According to the Alzheimer’s Association, one in three seniors dies with some form of Alzheimer’s or dementia, and Alzheimer’s is the sixth leading cause of death in the United States. In 2013, Alzheimer’s cost the United States $203 billion, with an expected increase to $1.2 trillion by 2050.
ASLA 2010 Professional Research Honor Award, Access to Nature for Older Adults: Promoting Health Through Landscape Design, Multi-Regional USA, Center for Health Systems & Design, Texas A&M University / Image Credit: Susan Rodiek
ASLA 2006 Professional General Design Honor Award, The Elizabeth & Nona Evans Restorative Garden, Cleveland Botanical, Cleveland, Ohio, Dirtworks, PC / Image credit: K. Duteil
How Nature Helps
There is something innate about our connection to nature. A study published in the American Journal of Alzheimer’s Disease & Other Dementias, shows that long-suffering dementia and Alzheimer’s patients are known to have decreased symptoms following time in gardens or being exposed to horticultural therapy.
"Comparing Responses to Horticultural-Based and Traditional Activities in Dementia Care Programs," American Journal of Alzheimer’s Disease and Other Dementias, 2010
"Does a Wander Garden Influence Inappropriate Behaviors in Dementia Patients?", American Journal of Alzheimer’s Disease and Other Dementias, 2008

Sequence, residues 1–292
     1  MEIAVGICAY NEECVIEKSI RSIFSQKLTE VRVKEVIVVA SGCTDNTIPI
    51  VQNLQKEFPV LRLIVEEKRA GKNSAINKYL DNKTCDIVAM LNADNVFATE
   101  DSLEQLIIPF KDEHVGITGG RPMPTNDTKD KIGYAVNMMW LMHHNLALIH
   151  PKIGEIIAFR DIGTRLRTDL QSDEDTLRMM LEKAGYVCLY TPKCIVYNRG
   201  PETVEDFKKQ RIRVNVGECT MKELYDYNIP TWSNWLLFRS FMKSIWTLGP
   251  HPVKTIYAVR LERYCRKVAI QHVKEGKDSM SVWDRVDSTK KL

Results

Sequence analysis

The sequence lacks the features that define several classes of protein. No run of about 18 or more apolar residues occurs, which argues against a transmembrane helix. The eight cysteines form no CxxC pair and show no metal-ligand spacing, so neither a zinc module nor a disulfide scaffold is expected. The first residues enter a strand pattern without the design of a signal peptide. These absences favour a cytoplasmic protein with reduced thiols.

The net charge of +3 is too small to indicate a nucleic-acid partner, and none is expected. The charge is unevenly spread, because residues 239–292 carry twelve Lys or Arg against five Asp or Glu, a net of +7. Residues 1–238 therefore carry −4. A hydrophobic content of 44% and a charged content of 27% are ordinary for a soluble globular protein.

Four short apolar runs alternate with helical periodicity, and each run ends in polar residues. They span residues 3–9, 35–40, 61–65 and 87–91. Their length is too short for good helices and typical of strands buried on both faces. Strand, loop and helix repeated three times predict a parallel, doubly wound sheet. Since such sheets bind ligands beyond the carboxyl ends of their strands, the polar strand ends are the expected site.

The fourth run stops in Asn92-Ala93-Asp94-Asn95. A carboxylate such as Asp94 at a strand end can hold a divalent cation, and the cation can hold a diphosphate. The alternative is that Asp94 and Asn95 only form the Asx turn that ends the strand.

“Outdoor Environments for People with Dementia,” Rodiek and Schwarz, 2007
"Effects of Horticulture Therapy on Engagement and Affect," Canadian Journal on Aging, 2005
Therapeutic Landscape Network
The American Horticultural Therapy Association
Role of the Landscape Architect
Landscape architects design therapeutic gardens for use in nursing homes, which are not only known to decrease the symptoms of the patients suffering from neurological disorders like dementia and Alzheimer’s, but also decrease the stress and anxiety of the care-takers and nurses in these facilities. Taking care to address the needs of the aged and patients suffering from these disorders, landscape architects design gardens with paved paths for ease of walking, ample places to sit, raised planting beds to be enjoyed by people in wheel chairs and ample opportunity for people to be engaged with via the senses smell and touch, as well as sight.
Elizabeth & Nona Evans Restorative Gardens, Cleveland, Ohio, Dirtworks, PC
Design for Older Patients in Nursing Homes, Center for Health Systems and Design
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